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Ismail Amla

While many companies may have paid lip service to the issue of racism in 2020, the unconscious, and sometimes explicit, bias of racism runs deep.

Change can’t happen on a superficial level; it has to touch every aspect of the business, and this starts with the actions of our leaders.

Diversity and Inclusion is mission-critical for businesses. This goes beyond the obvious ethical problem of discriminating against someone based on their ethnicity. Organisations need to hire teams and champion leaders that represent the growing diversity of the UK population.

Racism isn’t just a privately held bias; it’s dangerous. In 2018 / 19, there were 103,379 hate crimes recorded by the police in England and Wales . Most of them were race hate crimes, accounting for around three quarters (76%) of offences. While this may seem a big leap away from the confines of the office or a Zoom call, the reality is that racism has many faces and micro-offences and employees’ and leaders’ everyday actions can add up to and perpetuate exclusion, inequality and discrimination.

This diagram shows that, when contemplating racism, companies are often dealing with the tip of the iceberg. We can all agree that the things above the line are unacceptable, but racism is also perpetrated in more subtle, non-violent ways that are just as damaging. The four planes that racism operates on are:

  1. Structural – public policies, institutional practices, cultural representations and other norms that perpetuate racial group inequality
  2. Institutional – discriminatory treatment, unfair policies and practices, inequitable opportunities and effects within organisations and institutions, based on race, that routinely produce racially inequitable outcomes for people of colour and advantages for white people
  3. Interpersonal – the expression of racism between people. It happens when they interact, and their private beliefs affect their interactions
  4. Personal – people’s private beliefs, prejudices and ideas about the superiority of one race and the inferiority of another.

In 2018, Grant Thornton’s Diversity Snapshot revealed that 60% of business leaders think that diversity doesn’t play a significant role in their organisations . In fact, diversity brings enormous potential in business.

When talking about my book Incremental to Exponential, I’ve frequently referred to examples of enormously successful businesses like Apple and Google making really conscious efforts to create connections between different groups of people in their workforces that might not otherwise meet. Difference is a crucial ingredient in the recipe for innovation: different perspectives lead to different ideas.

It comes down to a mindset shift: we all need to think differently and hold ourselves accountable for our own biased behaviour.

Here are some practical actions that you can take right now to address racism in the workplace:

  • Encourage employees to disclose their backgrounds: Take positive action to improve reporting rates among your workforce, explaining why supplying data will improve diversity and the business as a whole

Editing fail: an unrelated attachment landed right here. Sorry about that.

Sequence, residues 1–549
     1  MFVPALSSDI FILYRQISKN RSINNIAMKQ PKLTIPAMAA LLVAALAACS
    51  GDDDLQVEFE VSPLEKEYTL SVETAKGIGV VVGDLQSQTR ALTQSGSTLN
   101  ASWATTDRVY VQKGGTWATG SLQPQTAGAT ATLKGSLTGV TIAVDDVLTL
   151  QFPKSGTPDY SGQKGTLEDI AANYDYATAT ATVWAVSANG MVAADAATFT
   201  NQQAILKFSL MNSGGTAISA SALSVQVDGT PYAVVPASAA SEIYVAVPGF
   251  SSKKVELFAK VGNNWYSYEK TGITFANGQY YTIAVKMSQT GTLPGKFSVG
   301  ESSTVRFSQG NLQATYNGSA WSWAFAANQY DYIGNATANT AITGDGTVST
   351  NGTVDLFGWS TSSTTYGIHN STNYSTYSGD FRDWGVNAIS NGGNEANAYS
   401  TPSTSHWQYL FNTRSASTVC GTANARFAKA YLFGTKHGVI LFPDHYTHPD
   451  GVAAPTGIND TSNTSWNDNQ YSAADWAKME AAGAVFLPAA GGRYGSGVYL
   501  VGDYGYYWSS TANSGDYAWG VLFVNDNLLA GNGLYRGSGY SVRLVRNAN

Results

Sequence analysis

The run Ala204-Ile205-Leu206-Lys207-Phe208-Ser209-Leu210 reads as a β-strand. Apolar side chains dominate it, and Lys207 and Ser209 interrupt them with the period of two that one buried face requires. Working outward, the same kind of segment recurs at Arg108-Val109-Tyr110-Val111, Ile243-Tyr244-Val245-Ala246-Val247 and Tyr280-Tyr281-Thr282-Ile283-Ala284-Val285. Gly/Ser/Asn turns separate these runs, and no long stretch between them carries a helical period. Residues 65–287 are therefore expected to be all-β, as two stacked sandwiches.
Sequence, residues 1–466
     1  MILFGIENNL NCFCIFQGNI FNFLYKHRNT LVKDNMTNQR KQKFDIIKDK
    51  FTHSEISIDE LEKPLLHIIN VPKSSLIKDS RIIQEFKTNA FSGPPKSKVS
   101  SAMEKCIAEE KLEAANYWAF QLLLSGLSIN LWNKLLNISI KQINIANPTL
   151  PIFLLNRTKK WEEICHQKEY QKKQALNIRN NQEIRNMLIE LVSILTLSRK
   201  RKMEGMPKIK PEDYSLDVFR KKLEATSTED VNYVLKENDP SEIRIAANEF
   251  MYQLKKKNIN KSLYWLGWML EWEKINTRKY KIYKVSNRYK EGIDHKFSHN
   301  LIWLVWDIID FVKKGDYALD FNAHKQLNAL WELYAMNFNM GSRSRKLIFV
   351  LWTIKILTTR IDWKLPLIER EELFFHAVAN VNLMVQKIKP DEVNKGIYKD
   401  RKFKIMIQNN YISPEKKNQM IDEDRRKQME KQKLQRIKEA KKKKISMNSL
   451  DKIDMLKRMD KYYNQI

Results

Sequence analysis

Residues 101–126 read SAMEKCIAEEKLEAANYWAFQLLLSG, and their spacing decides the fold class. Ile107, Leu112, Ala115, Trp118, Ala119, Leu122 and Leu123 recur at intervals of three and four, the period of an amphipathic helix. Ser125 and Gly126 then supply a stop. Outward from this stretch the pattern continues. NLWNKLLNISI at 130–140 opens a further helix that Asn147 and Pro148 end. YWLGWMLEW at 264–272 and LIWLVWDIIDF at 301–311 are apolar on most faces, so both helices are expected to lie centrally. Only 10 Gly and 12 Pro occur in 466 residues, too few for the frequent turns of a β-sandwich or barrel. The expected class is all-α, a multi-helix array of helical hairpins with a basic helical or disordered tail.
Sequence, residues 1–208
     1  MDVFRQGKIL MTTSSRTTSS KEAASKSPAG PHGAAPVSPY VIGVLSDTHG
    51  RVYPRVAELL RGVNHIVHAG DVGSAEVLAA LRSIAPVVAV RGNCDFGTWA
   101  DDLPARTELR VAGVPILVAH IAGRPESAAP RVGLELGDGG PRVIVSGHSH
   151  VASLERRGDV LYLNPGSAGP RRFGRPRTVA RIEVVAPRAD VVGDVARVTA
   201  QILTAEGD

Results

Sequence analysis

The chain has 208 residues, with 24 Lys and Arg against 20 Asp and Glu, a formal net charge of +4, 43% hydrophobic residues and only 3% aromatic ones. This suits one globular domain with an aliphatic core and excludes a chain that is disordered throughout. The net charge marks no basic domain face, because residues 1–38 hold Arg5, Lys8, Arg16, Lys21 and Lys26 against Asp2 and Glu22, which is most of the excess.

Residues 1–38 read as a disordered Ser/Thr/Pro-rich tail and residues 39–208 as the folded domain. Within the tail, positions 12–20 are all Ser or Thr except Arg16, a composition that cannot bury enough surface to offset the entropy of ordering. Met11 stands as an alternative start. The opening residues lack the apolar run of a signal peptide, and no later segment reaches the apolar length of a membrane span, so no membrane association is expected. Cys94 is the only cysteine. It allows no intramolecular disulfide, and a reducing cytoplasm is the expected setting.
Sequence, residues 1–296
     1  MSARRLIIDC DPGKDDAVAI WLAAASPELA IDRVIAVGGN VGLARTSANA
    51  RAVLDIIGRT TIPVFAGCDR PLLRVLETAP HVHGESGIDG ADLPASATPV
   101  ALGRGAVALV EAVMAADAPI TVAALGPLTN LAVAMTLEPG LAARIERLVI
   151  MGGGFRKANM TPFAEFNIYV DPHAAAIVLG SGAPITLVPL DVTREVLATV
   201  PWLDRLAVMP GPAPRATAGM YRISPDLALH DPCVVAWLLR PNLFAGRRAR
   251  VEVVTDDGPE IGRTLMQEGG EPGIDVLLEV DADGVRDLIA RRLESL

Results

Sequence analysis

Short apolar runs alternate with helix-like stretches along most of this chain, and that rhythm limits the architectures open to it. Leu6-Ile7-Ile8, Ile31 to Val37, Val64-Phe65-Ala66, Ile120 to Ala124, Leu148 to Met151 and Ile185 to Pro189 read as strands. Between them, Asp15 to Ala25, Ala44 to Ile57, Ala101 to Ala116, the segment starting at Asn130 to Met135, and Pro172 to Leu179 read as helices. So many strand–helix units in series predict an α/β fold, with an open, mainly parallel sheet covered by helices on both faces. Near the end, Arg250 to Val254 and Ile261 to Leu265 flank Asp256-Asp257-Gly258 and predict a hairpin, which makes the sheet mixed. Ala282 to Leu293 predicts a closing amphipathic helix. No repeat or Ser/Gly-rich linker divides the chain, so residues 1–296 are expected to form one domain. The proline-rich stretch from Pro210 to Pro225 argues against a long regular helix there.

• Publicly share your company-wide data and commitments: Publish a breakdown of employees by race and pay band. Disclose ethnicity pay gaps. Publish five-year aspirational targets and report against these annually
  • Encourage participation: In meetings, ask very specific questions of people whose contributions and expertise are often overlooked or devalued. Encourage allies to step out of the spotlight by, for example, asking an Asian woman to lead a meeting or recommending that a person from an underrepresented group takes their place in a high-visibility position or event
  • Establish reverse mentoring: Encourage senior leaders and executive board members to be mentored by employees from different backgrounds, to understand their challenges and the positive effects of diversity
  • Focus on unconscious bias: Make unconscious bias training part of your organisation’s L&D programme, and run racial bias awareness workshops for people managers, senior leaders and executives
  • Insist on executive sponsorship: Identify a board-level sponsor for all diversity issues, including race, and make them ultimately accountable for delivering aspirational targets. To ensure that this happens, your board chair, CEO and CFO should outline the steps that they’re taking to improve diversity in your annual report
  • Diversity as a KPI: Bake a clear diversity objective into all leaders’ annual appraisals to ensure that they take the issue seriously 
  • Challenge your talent acquisition channels: Use relevant, appropriate and accessible language in job specifications and adverts; insist on proportional representation in long and short lists from recruiters; ensure that you have diverse interview panels; actively seek entry-level talent from a wider demographic spectrum than you do today

Give access to senior leaders and wider networks: Establish coaching, mentoring and sponsorship 

This is a social reform movement. We’re trying to change certain elements of the social structure – and this means activists and allies need to engineer for social structural change. To date, we’ve had a limited mindset that focuses on treating the symptoms of racism; we must shift to thinking widely and continuously about building a platform for future sustainable change. 

Written by


Ismail Amla

Chief Growth Officer, Capita

Ismail is leading business development, sales and marketing to support our transformation and organic growth plans. In 2018 he was named as one of the top 100 most influential Black, Asian minority ethnic (BAME) leaders in the UK tech sector by Inclusive Boards.


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